High-tech and Artificial Intelligence Make the Invisible Visible

Research and Development in Biosystems Engineering

Content Adaptive Image Compression

High throughput screening with imaging systems is growing increasingly important in biomedical applications and material sciences too. Extremely large quantities of image data are generated and the images are usually compressed to save memory. There are universal methods, chiefly transformations, suited for rapid (on-the-fly) compression (e.g. cosine transforms in JPEG), and slower (less data loss or higher compression) methods (wavelet transform contained in JPEG2000) used more for archiving. Each of these methods, however, treats every image separately and de facto independently of its content. Taking this as the point of departure, compression can also be executed as a function of the typical content of an image from a larger set of images. A number of artificial neural networks are trained for specific contents of images and their compression. Investing effort in this one-time training is worthwhile whenever a large number of similar images will be saved later, e.g. images (microscopy, CT, NMR) of an identical tissue or organ. This is often the case in biological and medical applications. The advantage over universal methods is the higher compression performance through the a priori information on the dominant image content incorporated in the compression. Comparisons with similar image formats (e.g. JPEG, JPEG2000, PNG) as well as universal compression algorithms (e.g. ZIP) have demonstrated this method’s superiority. The method can be broadly parameterized – from nearly lossless to extremely high compression rates. By selecting typical image contents to train the compressors, the quality of reconstructed images to also be rendered as a function of content, i.e. relevant structures are compressed less and thus with less loss than other regions of images. This feature is independent of the local appearance of independent structures in an image. The integration of this system in commercial image acquisition and/or storage systems is planned for the near future.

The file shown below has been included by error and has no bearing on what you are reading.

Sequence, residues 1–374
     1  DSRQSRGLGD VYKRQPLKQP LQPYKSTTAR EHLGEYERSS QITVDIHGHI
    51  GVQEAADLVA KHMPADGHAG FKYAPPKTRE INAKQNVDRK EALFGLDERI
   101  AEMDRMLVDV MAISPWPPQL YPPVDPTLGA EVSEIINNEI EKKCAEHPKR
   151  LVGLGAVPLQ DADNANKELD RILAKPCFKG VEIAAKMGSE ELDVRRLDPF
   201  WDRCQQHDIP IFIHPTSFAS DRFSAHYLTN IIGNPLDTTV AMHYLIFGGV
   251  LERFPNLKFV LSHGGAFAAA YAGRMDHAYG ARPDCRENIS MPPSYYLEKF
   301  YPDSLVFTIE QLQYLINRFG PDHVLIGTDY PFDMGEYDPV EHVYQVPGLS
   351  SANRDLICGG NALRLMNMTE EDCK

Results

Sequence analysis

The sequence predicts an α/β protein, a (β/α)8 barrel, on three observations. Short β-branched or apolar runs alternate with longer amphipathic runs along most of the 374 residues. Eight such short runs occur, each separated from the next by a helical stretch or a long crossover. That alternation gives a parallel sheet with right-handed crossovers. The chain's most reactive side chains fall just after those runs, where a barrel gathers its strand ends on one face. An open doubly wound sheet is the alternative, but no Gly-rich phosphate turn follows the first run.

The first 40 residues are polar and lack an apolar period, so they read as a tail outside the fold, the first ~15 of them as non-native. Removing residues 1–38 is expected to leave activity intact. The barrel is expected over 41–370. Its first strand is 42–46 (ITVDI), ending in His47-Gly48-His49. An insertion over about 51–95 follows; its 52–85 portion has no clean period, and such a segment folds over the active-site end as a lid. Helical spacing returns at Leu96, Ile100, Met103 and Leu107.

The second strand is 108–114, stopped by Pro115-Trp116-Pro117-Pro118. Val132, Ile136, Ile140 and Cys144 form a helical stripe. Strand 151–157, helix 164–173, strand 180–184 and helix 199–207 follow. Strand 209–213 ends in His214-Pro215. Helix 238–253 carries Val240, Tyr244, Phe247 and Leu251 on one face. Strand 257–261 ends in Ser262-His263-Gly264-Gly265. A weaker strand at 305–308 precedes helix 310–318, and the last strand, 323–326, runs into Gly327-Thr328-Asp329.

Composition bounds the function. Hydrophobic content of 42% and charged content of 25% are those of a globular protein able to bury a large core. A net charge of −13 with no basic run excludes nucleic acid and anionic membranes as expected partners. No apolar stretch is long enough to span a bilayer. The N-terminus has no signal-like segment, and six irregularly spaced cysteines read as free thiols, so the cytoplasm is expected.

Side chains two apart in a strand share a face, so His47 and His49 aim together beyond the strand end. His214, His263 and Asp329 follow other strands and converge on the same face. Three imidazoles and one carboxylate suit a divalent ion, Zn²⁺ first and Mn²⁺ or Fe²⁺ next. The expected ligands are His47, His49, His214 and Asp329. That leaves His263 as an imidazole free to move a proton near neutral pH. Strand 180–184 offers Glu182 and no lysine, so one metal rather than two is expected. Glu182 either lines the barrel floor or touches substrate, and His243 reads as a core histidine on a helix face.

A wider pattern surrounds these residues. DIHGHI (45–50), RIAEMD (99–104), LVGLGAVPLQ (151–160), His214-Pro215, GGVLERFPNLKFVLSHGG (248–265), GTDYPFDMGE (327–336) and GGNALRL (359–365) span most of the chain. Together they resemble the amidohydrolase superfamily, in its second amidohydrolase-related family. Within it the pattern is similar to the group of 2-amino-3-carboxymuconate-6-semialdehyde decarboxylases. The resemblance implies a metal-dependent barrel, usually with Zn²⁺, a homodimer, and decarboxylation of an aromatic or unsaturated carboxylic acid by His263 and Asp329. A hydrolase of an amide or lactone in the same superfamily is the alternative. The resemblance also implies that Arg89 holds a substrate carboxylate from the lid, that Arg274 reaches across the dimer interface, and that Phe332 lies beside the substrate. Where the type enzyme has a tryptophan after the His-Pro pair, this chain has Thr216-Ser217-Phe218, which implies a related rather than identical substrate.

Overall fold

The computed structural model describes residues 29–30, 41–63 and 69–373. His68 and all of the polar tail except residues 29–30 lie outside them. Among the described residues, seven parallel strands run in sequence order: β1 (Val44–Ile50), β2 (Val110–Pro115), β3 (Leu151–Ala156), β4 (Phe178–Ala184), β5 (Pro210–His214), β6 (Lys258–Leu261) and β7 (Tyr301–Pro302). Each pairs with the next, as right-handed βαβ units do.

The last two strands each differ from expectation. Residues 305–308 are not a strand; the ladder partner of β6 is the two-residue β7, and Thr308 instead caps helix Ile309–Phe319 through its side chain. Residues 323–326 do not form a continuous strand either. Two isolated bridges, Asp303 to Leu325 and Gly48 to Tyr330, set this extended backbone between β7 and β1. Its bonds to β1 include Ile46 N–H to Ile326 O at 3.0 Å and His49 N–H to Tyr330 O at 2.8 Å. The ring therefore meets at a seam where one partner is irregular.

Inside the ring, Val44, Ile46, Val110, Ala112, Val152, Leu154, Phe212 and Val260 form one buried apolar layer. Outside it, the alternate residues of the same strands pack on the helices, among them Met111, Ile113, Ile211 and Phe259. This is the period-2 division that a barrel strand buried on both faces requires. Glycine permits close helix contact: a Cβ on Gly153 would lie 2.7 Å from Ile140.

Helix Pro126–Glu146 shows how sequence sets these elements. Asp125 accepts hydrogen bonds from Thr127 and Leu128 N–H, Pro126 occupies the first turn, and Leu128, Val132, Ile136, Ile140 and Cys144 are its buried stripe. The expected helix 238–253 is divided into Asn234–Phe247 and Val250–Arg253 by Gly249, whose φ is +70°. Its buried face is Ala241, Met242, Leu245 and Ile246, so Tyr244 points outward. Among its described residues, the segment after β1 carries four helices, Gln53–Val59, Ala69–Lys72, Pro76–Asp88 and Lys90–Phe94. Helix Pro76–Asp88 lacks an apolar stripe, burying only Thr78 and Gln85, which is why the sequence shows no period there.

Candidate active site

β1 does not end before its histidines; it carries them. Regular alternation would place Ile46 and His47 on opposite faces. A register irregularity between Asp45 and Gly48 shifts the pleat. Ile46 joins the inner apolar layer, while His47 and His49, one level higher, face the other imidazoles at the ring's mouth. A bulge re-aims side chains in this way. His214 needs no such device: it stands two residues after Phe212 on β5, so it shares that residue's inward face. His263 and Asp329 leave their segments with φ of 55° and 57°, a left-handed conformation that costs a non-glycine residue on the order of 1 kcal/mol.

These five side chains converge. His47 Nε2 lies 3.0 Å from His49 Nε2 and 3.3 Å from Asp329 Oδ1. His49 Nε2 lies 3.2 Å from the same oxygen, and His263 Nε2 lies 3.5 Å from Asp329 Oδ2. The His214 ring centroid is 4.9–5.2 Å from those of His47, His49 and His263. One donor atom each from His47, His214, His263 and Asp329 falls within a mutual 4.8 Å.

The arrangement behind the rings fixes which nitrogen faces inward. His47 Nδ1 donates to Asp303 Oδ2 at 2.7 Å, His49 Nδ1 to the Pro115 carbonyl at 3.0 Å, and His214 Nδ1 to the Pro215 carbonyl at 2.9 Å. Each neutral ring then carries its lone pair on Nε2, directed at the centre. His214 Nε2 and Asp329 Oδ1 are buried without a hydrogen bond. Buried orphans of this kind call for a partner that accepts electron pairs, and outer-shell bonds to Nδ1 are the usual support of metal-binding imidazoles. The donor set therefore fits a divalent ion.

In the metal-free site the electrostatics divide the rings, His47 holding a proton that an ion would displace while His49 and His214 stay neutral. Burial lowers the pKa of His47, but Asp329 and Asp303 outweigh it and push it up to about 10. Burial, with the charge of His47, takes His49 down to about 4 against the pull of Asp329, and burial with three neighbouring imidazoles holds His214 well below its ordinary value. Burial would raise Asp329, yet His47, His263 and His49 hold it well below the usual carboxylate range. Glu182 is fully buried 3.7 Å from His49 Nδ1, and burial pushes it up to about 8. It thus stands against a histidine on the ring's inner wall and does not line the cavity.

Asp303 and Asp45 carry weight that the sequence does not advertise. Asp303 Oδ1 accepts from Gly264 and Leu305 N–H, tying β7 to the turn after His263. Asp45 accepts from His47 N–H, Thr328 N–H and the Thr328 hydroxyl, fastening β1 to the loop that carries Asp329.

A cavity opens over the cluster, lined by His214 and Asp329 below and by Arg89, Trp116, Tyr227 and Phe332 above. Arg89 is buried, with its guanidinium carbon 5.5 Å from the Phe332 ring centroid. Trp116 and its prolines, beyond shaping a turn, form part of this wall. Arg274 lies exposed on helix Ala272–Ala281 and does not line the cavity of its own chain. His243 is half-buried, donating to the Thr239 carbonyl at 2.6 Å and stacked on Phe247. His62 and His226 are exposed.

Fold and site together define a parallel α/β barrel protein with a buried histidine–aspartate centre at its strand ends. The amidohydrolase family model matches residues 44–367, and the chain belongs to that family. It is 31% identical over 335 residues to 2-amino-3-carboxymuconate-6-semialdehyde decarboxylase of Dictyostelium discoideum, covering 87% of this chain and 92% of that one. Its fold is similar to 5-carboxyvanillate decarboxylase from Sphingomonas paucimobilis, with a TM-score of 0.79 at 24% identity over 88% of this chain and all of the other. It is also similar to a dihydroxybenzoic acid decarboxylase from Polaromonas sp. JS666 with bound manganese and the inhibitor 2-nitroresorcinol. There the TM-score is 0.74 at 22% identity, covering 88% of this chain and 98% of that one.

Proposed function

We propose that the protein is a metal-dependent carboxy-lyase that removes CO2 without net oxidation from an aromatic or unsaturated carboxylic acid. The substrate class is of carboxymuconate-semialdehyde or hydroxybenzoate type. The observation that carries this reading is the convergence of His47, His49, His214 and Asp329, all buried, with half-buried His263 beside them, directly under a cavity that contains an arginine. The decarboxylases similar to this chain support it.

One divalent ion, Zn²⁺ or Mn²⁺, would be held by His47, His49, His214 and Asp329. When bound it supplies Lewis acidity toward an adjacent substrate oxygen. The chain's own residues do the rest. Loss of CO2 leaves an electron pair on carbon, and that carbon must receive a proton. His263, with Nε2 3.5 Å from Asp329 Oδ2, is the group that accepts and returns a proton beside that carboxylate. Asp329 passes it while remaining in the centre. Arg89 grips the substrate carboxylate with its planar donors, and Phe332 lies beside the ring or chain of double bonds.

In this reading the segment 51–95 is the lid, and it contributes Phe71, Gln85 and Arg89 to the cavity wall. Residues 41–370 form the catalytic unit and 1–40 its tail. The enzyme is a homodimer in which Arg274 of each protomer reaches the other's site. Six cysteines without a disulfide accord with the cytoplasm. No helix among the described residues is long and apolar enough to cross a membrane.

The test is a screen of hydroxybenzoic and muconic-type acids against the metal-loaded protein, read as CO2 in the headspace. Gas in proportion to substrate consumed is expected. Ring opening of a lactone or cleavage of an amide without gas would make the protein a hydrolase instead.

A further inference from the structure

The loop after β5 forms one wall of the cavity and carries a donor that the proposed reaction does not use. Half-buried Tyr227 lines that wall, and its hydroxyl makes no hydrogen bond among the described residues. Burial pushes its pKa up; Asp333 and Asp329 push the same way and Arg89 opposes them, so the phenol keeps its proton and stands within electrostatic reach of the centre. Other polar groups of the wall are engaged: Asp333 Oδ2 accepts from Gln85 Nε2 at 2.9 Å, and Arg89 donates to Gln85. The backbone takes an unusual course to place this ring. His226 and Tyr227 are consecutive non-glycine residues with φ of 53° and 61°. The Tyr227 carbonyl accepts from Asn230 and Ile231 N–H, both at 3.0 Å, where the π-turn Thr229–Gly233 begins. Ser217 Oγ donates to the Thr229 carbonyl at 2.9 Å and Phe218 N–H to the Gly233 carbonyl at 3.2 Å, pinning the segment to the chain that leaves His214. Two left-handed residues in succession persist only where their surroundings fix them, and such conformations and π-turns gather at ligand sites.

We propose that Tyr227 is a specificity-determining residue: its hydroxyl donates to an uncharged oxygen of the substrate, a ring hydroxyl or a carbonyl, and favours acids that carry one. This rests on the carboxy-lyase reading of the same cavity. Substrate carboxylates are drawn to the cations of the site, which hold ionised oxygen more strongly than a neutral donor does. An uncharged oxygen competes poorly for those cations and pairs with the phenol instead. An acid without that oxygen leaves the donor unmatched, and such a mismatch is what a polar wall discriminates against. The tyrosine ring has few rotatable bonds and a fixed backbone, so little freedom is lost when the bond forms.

Systemdiagram der inhaltsadaptiven Bildkompression
© OVGU

Schematic of the content adaptive image compression systems. First, image content is analyzed as an image block (top). Based on the image content, every image block is processed by a prepared compressor. The separate compressors are configured as an autoassociative feed-forward network (left).

Systemdiagramm zur inhaltadaptiven Bildkompression
© OVGU

The individual compressors are trained only with the image blocks of the related class (cluster). Images are compressed by adjusting the middle layer’s width (number of neurons). This system received the Saxony-Anhalt Innovation Award in 2006.

© Medizinische Hochschule Hannover

Medical diagnostics produce millions of similar images that must be archived for the purpose of documentation. Our system is ideal for such needs. The extensive data set from which this image was taken is from Hannover Medical School.

Publications

Seiffert, U.: Content Adaptive Compression of Images Using Neural Maps. Proc. of the International Workshop on Self-Organizing Maps WSOM 2005, Paris, France, pp. 227-234, 2005.

Seiffert, U.: ANNIE - Artificial Neural Network-based Image Encoder, Neurocomputing, 2014, 125, 229-235